- Report usage: Who are the intended users of the report and what are their expectations? Will the report be used to support their internal controls on financial reporting? Are regulatory or contractual requirements involved? Are there concerns about the security or availability of data and services?
- Service: Does the service have a financial impact on customers?
- Sub-servicer: Do you rely on other service providers to deliver the service? What impact does the service provider have on the service and your customer? Does the service provider have a SOC report of its own?
Your answers to each of these questions should help you determine the right report for your situation.
|Find the SOC Report That May Be Right for You|
|Will the report be used by your customers and their financial auditors to plan and perform an audit or integrated audit of your customer’s financial statements?||Yes||SOC 1 report|
|Will the report be used by your customers as part of their compliance with the Sarbanes-Oxley Act or similar law or regulation?||Yes||SOC 1 report|
|Will the report be used by your customers or stakeholders to gain confidence and place trust in the service organization that systems are secure and data is protected?||Yes||SOC 2 or 3 report|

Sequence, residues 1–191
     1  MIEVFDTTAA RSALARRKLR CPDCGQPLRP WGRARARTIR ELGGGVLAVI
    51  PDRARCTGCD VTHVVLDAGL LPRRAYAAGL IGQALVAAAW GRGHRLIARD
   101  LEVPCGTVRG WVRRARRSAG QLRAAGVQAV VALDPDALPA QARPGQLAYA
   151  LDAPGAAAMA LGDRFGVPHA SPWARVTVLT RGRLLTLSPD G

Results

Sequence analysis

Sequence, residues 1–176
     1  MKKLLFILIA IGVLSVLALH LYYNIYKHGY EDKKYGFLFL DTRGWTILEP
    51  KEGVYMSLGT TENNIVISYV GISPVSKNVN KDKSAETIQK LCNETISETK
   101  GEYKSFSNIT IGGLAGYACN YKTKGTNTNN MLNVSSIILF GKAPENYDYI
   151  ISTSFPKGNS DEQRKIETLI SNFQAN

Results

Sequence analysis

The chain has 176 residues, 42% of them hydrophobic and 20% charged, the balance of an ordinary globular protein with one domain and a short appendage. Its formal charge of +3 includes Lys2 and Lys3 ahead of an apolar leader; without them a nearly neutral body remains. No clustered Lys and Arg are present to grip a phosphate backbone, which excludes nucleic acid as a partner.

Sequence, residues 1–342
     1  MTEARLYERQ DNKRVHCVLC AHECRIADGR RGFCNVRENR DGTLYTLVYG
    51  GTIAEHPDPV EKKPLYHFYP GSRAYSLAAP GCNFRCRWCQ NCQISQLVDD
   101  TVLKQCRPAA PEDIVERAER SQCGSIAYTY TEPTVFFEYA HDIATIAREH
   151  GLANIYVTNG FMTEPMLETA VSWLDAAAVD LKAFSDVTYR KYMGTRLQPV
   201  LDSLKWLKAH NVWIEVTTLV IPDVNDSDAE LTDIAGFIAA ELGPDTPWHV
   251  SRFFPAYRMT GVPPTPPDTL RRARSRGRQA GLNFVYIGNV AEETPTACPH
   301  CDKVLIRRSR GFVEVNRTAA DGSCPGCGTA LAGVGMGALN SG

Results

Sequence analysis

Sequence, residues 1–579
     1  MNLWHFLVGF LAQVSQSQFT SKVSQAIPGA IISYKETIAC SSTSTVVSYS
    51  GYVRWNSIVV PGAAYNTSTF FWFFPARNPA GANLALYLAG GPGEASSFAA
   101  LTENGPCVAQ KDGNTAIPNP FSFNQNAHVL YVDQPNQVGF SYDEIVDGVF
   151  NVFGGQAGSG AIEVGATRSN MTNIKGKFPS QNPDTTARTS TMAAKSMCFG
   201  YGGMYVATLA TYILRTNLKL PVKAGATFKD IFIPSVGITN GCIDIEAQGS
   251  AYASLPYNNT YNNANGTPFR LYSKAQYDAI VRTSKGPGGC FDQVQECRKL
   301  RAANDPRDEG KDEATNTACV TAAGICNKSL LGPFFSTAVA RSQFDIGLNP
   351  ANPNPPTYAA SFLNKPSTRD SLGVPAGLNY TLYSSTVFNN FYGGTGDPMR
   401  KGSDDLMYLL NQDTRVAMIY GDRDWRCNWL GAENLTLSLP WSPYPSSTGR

|Do you need to make the report generally available to entities that may not be familiar with your services?||Yes||SOC 3 report|
|Do your customers have the need to understand the details of the processing and controls at a service organization, the tests performed by the service auditor, and results of those tests?||Yes||SOC 2 report|
|No||SOC 3 report|
Once the scope of the engagement has been established, a service organization may decide to assess current internal controls to determine if they satisfy management’s control objectives or selected trust principal criteria. This would be accomplished through a review of existing procedural documentation, a walk-through of processes, and management interviews. Through this, internal controls would be analyzed to determine if they meet the control objectives or trust principal criteria. If controls are not adequate a remediation effort will be designed to close the control gap. At the conclusion of this phase, management will receive a report that identifies key controls for each control objective and criteria, and any necessary remediation efforts.